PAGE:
TAMPA, FL - SEPTEMBER 30: Receiver Mike Williams #19 of the Tampa Bay Buccaneers is tackled by defender Josh Wilson #26 of the Washington Redskins during the game at Raymond James Stadium on September 30, 2012 in Tampa, Florida. (Photo by J. Meric/Getty Images)
One of the storylines heading into Sunday's Redskins-Buccaneers matchup was how Washington's top-rated run game would stack up against Tampa Bay's third-ranked run defense. Not only did the rushing attack have some success, the Skins were efficient through the air, too.
Rookie running back Alfred Morris ran for 113 yards on 21 carries, including a 39-yard touchdown jaunt that gave Washington a 21-3 second-quarter lead. Sunday's effort put Morris in elite company. According to the Washington Post, he joins Larry Brown, John Riggins, George Rogers, Earnest Byner and Terry Allen as the only Redskins to rush for at least 75 yards in their first four games.
Morris has rushing 376 yards through the first quarter of the season, which works out to 94 yards per game.
“He’s been playing great every game,” said coach Mike Shanahan. “In the first half, I thought he played unbelievably. I thought their defense stepped up in the second half and played like they have throughout the year.”
Meanwhile, rookie quarterback Robert Griffin III added 43 yards on the ground to go along with his 323 passing yards. Most impressive, perhaps: 26 of his completions (he had 35 attempts) went to nine receivers, and seven of those receptions were for at least 15 yards.
The biggest benefit to the Redskins getting up early, even if they had to scratch and claw to win it on a last-second Billy Cundiff field goal: Fewer option plays leaving RGIII open to huge hits, something that had become common during the first three weeks. Still, Griffin took plenty of punishment, two coming in the first half courtesy of Bucs safety Mark Barron, who forced a fumble near Tampa Bay's goal line (Pierre Garcon recovered for a touchdown). And later when Barron bodyslammed RGIII and drew an unnecessary-roughness penalty.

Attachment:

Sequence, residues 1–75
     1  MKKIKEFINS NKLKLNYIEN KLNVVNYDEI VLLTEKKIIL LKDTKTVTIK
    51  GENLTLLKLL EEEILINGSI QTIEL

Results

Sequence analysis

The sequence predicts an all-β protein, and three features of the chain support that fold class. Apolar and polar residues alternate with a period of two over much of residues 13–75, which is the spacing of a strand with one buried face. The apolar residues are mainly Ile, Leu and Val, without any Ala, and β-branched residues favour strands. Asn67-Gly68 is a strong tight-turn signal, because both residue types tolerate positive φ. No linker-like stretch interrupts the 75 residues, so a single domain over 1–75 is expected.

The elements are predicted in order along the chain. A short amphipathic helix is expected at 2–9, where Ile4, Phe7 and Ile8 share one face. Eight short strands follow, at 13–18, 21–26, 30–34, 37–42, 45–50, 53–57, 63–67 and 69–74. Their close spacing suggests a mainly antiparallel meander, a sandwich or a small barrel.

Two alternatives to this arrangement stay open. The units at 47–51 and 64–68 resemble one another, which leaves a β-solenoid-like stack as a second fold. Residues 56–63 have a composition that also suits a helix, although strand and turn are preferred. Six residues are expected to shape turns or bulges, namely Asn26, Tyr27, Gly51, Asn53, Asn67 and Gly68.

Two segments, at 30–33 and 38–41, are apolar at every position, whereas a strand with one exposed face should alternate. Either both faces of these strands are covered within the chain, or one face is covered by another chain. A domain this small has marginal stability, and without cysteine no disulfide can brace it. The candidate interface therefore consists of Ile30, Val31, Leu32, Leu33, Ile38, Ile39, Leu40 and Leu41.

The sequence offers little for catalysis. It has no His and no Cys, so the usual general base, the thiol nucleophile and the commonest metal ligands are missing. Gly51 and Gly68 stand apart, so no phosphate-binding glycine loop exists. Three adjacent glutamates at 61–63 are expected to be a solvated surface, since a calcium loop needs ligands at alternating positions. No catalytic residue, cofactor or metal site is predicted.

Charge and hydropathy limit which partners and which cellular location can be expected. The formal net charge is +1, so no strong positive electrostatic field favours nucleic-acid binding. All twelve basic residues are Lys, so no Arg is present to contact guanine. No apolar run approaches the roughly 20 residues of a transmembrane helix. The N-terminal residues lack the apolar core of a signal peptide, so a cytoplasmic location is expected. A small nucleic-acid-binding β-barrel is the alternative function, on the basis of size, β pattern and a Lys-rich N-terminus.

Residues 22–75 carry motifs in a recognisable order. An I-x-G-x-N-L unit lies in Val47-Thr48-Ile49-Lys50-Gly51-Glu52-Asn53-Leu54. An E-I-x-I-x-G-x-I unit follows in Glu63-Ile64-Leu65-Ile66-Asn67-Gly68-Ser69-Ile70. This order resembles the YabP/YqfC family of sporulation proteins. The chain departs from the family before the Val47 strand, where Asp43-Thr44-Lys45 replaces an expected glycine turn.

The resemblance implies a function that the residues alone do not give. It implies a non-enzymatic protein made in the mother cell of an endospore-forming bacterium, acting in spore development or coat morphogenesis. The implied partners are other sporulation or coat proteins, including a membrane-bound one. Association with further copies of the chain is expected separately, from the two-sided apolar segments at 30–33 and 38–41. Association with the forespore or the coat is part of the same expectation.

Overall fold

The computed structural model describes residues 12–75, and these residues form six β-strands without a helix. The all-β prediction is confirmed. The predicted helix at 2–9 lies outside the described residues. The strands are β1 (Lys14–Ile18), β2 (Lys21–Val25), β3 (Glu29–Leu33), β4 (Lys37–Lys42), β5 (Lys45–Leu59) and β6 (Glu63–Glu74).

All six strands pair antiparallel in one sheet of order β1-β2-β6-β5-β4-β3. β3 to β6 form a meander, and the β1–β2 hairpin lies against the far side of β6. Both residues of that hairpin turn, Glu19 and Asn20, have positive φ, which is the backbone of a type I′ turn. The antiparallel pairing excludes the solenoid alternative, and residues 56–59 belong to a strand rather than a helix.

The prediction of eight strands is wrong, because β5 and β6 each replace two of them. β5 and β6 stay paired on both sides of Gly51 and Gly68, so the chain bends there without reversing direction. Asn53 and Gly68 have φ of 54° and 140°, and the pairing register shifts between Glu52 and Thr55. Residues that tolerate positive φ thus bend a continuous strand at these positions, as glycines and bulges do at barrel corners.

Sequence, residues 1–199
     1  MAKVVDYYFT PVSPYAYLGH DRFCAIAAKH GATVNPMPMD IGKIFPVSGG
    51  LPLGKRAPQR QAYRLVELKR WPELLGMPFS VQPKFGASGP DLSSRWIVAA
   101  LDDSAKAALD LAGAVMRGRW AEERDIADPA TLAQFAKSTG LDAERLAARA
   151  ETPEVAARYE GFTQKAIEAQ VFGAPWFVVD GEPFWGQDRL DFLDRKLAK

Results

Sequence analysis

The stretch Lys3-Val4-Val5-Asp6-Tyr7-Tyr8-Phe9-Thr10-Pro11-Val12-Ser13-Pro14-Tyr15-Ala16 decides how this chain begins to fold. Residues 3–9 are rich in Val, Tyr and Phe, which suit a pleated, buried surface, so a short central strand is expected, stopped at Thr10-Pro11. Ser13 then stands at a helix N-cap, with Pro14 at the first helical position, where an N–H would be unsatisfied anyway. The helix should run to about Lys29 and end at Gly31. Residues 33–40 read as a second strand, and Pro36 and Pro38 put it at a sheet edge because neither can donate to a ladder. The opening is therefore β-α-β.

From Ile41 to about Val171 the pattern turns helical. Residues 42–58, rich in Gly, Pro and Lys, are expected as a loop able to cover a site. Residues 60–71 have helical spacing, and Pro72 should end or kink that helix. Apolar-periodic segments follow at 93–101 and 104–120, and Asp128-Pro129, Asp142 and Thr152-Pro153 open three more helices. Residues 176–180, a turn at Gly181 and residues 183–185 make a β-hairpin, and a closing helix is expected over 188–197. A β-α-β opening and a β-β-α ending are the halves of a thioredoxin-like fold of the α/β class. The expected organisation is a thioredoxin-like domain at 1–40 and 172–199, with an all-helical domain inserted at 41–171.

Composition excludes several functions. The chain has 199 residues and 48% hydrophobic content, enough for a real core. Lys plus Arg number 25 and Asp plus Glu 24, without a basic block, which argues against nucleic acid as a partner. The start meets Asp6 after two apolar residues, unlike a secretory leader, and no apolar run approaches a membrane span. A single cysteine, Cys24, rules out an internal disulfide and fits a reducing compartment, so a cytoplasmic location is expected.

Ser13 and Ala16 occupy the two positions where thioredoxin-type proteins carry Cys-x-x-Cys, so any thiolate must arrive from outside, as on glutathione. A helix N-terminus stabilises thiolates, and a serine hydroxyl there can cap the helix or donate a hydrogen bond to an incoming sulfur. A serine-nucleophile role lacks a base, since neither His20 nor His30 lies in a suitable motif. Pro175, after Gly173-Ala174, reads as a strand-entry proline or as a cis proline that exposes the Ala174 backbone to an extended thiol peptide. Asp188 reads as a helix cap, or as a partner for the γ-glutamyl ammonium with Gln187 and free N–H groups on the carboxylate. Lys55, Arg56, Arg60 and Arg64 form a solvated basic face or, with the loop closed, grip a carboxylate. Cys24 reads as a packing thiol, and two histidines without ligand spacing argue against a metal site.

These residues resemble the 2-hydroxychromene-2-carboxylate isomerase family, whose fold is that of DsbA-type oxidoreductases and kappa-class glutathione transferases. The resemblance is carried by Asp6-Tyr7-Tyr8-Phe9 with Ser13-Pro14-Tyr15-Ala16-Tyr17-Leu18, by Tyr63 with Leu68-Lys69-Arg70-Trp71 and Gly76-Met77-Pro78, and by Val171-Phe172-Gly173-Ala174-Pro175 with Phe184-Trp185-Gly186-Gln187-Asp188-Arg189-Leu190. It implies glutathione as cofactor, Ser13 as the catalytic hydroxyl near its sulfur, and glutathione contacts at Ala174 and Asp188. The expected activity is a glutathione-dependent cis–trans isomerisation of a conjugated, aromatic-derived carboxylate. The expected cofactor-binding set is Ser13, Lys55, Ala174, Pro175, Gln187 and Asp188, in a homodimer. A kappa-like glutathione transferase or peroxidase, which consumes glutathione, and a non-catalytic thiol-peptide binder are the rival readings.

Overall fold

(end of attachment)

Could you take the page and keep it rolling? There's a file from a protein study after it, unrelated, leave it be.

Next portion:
Another twist: Shanahan and son Kyle, the Redskins offensive coordinator, used Griffin under center Sunday (RGIII had primarily worked from the shotgun this season), which caught the Bucs' defense off-guard and gave Washington an advantage. It's this diversity that could ultimately save Griffin from wide-eyed defenders looking for a knockout blow.
Details via the Post's Jason Reid:
Sophisticated quarterback option plays. End-around runs after shifting into a modified quarterback shotgun formation called the “pistol.” Shotgun misdirection calls. The Shanahans’ offensive creativity is prompting Redskins fans to expand their football vocabulary. They are trying to construct the most creative offense in NFL history.
If the Shanahans realize their vision, they’ll design an offense that draws from, well, almost every scheme and system that has worked. And Griffin is the foundation for whatever they can dream up.
The 'Skins are off to a good start. Yes, they're 2-2, but it's a good 2-2. A year ago, this team was 3-1 but no one -- not even Shanahan, we'd imagine -- expected their good fortune to last. This is the reality of building your team around Rex Grossman and John Beck. But this season, Washington for the first time in a long time, has their franchise quarterback.
Now they just need to find a kicker who converts slightly more than 25 percent of the time. Because if Billy Cundiff had made just half his kicks Sunday (and let's be honest, there's absolutely no excuse for missing from 41, much less 31 before he finally willed the ball through the uprights on the last play of the game.
“I just knew he wasn’t going to miss four,” tight end Fred Davis said. “I just knew he wasn’t.”
That makes one of us.